Log.Information("This will be logged by Serilog, and this is a {property}", myProperty)

You'll find more information on writing logs here.

Autofac

Whenever I talk about dependency injection, the first one that comes to mind is Autofac. The out-of-the-box IoC for dotnet core is pretty good now a days, but some of the features are not there, so I end up always bringing Autofac. And that's what I do to start with. I usually create a method to register all my dependency injections:

public static IContainer IocConfig()
{
    ContainerBuilder builder = new ContainerBuilder();

    builder.RegisterAssemblyTypes(typeof(Method1Command).Assembly)
        .Where(x => x.Name.EndsWith("Command"))
        .AsSelf();

    Log.Logger = CreateLogger(Configuration);
    builder.RegisterLogger();

    IContainer container = builder.Build();
    return container;
}

And call it from inside my main method

var container = IocConfig();

//then I can resolve any dependency
var cmd = container.Resolve<Method1Command>();
cmd.Execute();

dasMulli/dotnet-win32-service

Finally, we need a way to run as a service. There are a few ways to achieve that, but after trying several ways, I still prefer this one. So, here what happens.

First I create a class inheriting from IWin32Service that will basically run my command.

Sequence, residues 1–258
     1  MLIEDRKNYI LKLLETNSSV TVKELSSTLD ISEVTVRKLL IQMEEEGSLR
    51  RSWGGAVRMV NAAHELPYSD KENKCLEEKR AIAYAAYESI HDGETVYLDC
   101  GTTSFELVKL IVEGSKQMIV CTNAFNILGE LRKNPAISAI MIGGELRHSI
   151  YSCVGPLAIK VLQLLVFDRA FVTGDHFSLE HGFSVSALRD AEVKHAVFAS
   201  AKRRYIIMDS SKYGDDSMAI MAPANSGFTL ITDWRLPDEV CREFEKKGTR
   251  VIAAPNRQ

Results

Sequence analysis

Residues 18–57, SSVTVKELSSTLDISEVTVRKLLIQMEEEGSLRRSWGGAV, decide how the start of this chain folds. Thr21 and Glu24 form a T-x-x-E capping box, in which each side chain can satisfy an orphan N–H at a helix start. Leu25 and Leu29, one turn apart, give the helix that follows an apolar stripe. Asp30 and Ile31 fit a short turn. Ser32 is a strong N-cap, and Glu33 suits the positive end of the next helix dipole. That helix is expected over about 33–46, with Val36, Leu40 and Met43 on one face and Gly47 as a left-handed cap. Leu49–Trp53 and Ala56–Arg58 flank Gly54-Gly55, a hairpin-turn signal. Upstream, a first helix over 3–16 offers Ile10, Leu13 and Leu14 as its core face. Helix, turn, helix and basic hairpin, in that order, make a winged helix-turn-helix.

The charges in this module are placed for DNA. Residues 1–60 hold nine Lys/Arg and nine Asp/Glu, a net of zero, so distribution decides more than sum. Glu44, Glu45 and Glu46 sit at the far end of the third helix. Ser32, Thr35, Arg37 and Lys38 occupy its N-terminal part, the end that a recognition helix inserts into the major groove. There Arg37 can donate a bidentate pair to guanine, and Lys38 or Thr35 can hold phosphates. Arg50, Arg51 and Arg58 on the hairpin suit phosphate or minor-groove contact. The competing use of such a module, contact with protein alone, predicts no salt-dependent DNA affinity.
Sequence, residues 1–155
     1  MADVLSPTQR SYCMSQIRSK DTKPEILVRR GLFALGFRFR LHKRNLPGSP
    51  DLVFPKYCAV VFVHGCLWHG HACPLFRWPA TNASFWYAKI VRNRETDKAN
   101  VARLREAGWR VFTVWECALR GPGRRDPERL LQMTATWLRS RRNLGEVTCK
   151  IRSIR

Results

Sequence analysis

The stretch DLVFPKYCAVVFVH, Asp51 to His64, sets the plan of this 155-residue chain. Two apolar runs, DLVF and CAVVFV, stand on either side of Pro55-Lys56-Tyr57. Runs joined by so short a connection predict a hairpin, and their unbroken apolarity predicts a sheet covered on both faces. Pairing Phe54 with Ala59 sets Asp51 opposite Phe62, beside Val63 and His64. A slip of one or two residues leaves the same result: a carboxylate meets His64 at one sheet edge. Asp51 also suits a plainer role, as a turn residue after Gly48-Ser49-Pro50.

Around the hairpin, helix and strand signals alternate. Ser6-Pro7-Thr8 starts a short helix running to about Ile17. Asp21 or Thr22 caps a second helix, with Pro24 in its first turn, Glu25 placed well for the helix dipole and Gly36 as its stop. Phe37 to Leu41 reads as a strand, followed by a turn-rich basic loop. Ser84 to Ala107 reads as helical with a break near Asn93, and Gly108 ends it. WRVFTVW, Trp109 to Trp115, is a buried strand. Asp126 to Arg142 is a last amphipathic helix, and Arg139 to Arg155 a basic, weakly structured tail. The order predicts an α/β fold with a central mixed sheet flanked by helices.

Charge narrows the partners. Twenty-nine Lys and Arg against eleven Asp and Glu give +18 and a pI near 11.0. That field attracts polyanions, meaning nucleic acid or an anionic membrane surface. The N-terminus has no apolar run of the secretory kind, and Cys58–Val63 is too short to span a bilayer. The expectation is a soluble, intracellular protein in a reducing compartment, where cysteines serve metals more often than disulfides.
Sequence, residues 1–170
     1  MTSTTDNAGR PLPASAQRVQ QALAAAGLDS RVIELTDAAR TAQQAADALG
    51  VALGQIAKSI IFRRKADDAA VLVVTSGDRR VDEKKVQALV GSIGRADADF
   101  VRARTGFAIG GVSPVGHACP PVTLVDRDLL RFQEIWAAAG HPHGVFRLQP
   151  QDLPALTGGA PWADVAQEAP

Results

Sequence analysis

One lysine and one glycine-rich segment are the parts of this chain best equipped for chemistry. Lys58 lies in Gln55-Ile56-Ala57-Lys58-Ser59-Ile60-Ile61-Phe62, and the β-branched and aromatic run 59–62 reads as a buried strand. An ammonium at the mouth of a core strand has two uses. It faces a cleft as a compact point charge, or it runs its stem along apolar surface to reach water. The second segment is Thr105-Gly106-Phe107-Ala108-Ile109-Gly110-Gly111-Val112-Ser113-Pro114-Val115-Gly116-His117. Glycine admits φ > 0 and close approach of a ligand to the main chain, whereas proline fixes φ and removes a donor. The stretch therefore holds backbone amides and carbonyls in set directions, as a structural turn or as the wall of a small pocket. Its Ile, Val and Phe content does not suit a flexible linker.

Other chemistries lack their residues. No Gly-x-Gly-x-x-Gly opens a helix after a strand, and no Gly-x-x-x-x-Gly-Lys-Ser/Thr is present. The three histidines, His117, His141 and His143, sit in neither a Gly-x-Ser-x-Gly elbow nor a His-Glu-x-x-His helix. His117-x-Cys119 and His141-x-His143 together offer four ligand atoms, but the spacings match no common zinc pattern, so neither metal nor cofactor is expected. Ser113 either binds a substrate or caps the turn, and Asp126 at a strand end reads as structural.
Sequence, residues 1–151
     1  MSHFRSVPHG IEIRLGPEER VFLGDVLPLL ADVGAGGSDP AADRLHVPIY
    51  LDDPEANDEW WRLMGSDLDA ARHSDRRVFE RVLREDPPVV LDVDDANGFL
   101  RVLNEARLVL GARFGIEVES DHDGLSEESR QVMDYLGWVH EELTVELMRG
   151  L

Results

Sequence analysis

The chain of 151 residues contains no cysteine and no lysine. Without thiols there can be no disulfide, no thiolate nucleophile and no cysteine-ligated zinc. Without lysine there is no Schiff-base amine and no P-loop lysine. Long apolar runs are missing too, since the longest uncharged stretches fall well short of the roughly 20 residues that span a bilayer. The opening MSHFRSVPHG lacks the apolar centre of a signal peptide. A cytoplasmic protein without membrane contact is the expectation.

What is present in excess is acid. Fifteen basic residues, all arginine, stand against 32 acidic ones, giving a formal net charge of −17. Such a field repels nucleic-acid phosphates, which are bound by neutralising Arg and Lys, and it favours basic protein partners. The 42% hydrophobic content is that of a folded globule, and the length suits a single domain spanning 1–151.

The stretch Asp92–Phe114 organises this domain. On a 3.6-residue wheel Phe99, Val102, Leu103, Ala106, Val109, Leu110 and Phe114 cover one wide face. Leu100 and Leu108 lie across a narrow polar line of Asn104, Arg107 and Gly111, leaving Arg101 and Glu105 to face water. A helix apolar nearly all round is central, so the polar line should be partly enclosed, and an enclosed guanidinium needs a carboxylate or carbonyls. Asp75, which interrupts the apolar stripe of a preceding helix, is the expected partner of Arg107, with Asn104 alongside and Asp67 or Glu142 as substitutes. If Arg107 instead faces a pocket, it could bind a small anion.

public class RunAsService : IWin32Service
{
    private readonly ICommand _command;

    public RunAsService(ICommand command)
    {
        _command = command;
    }

    public void Start(string[] startupArguments, ServiceStoppedCallback serviceStoppedCallback)
    {
        // Here's the command I'm running
        _command.Execute();
    }

    public void Stop()
    {
        //todo: whatever
    }

    public string ServiceName { get; } = "My Console Windows Service";
}

If you remember in my Options, I've got the flag RunAsService which is default to false, so when I get to the point of setting up the service, I'll set it to true and handle that in my main method:

ICommand cmd = null;
switch (opts.Process)
{
    case ProcessToRun.Method1:
        cmd = container.Resolve<Method1Command>();
        break;
}

if (cmd != null)
{
    //this will be true when I setup the Windows service
    //as I'll pass the flag --runasservice
    if (opts.RunAsService)
    {
        //this will host my console app as a service
        var service = new RunAsService(cmd);
        var host = new Win32ServiceHost(service);
        host.Run();
    }
    else
    {
        cmd.Execute();
    }
}

Getting it done

Now, what about we give it a try and create our Windows service. Run Cmder or Cmd as an Administrator and run this command (make sure you remove breaks/new lines and update the place holders)

sc.exe create [SERVICE NAME] binPath= "C:\Program Files\dotnet\dotnet.exe 
[FULL PATH OF YOUR DLL] -p Method1 --runasservice" 
DisplayName= "[DISPLAY NAME OF YOUR SERVICE]" start= delayed-auto

Hooray!!! It's good to go
2018-01-30_22-53-46

Hope it helps.

It will definitely help me in the future.

Cheers.

Thiago Passos

Thiago Passos

I'm Thiago Passos, a Solution Architect working for SSW sharing what I've been working with and learning. Love technology, dancing and I get unfriendly when I'm hungry.